Talese reflects on decades of ‘listening’ for great stories
Jessica Haney | Sept. 16, 2010
Growing up with two parents in the clothing business not only taught author Gay Talese to dress well, it taught him to listen.
“And in the process of listening, to find out what other people think and what they value in life,” said Talese of his boyhood training as an “eavesdropper,” taking note of affluent summer customers’ conversations in his mother’s seamstress shop.
This perspective carries over to Talese’s work as a reporter and writer, he told his audience Wednesday night at the Buskirk-Chumley Theater. The first of the School of Journalism’s fall Speaker Series, Talese has had a 60-year career, ranging from reporting at The New York Times and magazines to writing best-sellers such as Honor Thy Father and Thy Neighbor’s Wife.
But Talese started small. When he was the editor of his high school newspaper near Ocean City, N.J., he chose to report on the janitor and the people who cut grass on the football field rather than popular students or events.
“I wanted to write about people you wouldn’t normally pay attention to,” said Talese.
Though Talese has since written about sports icons and other famous people, this principle guided his early storytelling career. After college, he followed up on a classmate’s suggestion that he drop by The New York Times’ offices in Manhattan, which Talese did, showing up at the newsroom unannounced. Well-dressed, thanks to his tailor father’s influence, and well-spoken, Talese talked his way into a meeting with the editor and a tour of the newsroom.
“It was a beehive of activity and energy,” said Talese. “It was wonderful to contemplate working at such a place.”
Talese started as a copy boy, performing various office tasks, but spent his lunch breaks with the man who put up the lighted headlines on the former New York Times building—a 25-year veteran of the job and the subject of Talese’s first published story at the newspaper.
Talese said he likes to tell the stories of “people who, when they die, don’t get an obituary because they don’t achieve enough. I wanted to be a lamplight for people who were in obscurity.”
Talese stayed at The New York Times for almost a decade, leaving to write more in-depth pieces. He wrote for Esquire in the 1960s, and it was for that magazine that he wrote his iconic piece, “Frank Sinatra Has a Cold,” about his spending time with the singer, who was reluctant to sit for an interview. Still, Talese wrote about what Sinatra did say and do, creating a long form narrative filled with observation and description of the singer’s daily life.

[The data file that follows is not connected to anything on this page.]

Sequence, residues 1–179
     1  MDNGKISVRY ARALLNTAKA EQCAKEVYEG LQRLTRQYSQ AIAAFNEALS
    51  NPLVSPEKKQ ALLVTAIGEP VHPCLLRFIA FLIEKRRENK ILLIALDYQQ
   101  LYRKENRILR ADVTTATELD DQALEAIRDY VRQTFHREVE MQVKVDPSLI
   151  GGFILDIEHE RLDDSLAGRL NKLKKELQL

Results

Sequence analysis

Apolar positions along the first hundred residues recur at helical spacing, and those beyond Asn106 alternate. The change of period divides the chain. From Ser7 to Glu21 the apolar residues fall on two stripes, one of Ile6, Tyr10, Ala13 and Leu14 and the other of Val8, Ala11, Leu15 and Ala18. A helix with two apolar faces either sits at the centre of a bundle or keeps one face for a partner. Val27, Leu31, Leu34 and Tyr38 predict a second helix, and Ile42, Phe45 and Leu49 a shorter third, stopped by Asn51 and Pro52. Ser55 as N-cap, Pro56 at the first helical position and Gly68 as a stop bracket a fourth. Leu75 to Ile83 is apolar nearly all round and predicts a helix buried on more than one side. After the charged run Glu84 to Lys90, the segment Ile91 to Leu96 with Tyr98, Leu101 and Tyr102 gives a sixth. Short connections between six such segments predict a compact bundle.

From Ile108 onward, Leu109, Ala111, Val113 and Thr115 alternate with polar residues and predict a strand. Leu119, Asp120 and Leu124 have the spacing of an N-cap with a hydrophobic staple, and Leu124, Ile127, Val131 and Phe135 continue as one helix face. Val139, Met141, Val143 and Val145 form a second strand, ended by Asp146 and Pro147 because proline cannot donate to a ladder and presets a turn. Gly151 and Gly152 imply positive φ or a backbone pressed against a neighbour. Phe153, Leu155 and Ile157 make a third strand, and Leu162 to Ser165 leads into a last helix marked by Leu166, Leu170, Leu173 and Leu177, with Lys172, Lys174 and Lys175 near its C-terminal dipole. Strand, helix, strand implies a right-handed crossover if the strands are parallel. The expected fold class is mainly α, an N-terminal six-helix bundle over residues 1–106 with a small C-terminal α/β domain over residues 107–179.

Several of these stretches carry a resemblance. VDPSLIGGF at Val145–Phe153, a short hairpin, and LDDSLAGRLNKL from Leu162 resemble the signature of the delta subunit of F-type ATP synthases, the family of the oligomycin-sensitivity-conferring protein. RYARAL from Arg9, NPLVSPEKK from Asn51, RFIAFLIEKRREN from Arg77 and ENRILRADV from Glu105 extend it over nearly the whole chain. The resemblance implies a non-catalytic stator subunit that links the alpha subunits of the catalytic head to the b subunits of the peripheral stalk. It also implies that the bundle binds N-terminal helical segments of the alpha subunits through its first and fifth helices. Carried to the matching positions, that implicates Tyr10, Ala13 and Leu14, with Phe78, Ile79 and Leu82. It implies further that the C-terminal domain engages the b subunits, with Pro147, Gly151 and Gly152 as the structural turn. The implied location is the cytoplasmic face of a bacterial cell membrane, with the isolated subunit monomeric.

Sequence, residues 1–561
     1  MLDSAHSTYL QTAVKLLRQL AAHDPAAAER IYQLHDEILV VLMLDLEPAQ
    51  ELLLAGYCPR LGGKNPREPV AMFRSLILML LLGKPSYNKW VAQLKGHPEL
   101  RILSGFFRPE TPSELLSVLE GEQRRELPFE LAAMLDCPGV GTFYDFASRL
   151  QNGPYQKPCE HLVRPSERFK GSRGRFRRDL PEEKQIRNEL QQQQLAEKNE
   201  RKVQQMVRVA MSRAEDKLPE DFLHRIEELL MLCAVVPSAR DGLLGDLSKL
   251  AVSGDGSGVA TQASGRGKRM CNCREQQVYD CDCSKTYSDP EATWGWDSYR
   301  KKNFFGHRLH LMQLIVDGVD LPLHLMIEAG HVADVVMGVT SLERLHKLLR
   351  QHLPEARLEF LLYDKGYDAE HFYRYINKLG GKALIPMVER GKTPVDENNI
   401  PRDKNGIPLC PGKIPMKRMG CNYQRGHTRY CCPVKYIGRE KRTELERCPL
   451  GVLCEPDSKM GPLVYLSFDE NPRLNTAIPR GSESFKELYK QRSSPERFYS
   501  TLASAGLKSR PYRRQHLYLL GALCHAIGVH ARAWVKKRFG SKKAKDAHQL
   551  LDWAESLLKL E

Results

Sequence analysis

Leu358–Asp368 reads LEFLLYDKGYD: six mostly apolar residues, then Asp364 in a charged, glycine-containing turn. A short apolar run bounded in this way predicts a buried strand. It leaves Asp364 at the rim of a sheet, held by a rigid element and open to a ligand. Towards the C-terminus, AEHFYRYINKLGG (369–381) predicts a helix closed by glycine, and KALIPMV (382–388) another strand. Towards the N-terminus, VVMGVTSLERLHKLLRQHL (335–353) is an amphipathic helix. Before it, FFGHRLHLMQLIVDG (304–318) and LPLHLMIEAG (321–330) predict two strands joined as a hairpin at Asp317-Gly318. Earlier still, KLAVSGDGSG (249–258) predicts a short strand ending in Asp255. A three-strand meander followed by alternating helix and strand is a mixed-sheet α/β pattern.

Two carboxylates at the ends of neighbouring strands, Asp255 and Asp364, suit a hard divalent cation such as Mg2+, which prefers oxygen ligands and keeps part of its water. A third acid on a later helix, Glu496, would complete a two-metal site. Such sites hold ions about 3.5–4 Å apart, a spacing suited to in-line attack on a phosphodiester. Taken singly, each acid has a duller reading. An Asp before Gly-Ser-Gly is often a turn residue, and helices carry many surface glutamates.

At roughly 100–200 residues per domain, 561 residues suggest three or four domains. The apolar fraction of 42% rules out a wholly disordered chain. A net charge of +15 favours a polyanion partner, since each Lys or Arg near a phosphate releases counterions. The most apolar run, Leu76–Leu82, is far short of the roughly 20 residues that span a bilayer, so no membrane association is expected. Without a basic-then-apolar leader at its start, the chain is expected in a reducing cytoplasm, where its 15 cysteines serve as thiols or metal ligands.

The story, which fellow writer Tom Wolfe tagged “The New Journalism,” was groundbreaking and set forth a new way of reporting and storytelling still popular today.
After recounting his early journey, Talese fielded questions from the audience in the full house. Responding to a question about the Web, Talese said he’s not so optimistic about journalism’s digital future.
“Even the definition of what a journalist is, is up for question,” he said. “There is a lack of standards on what is and what is not publishable.”
Talese also talked other elements lacking in today’s journalism: lack of respect for sources, lack of fairness, lack of skepticism, lack of investigation. Yet some students who attended the lecture were more interested in Talese’s New Journalism than some of the bad journalism of today.
“I definitely believe in just about everything he said,” said senior Mickey Woods. “There’s an ethic of care left out by journalists, but that’s something I want to continue to do in my work.”
At the book signing event after the talk, freshman Charlie Scudder asked Talese to sign three of his books. He said he was inspired by Talese’s accomplishments.
“Long term, I’d like to do this sort of thing. Everyone has a story,” he said. “I think Gay Talese really embodies the ability to tell those stories.”
Talese is “a giant among 20th century nonfiction writers,” said Amy Wimmer-Schwarb, the executive editor of Indianapolis Monthly who introduced Talese at the beginning of the program.
While in Bloomington, Talese also had lunch with School of Journalism students at Ernie Pyle Hall and later strolled from campus through the city with two students to absorb some local flavor.
Whether talking to students or addressing a large audience, the author insisted what he does is not new or revolutionary. His method of listening, observing and storytelling is rooted in the basics.
“What I do is old-fashioned journalism. It’s being there,” said Talese, who still uses a typewriter. “And where I am now at 78 is where I was at 23 or 24. I don’t use tape recorders. I don’t interview over the phone. I want to see people.”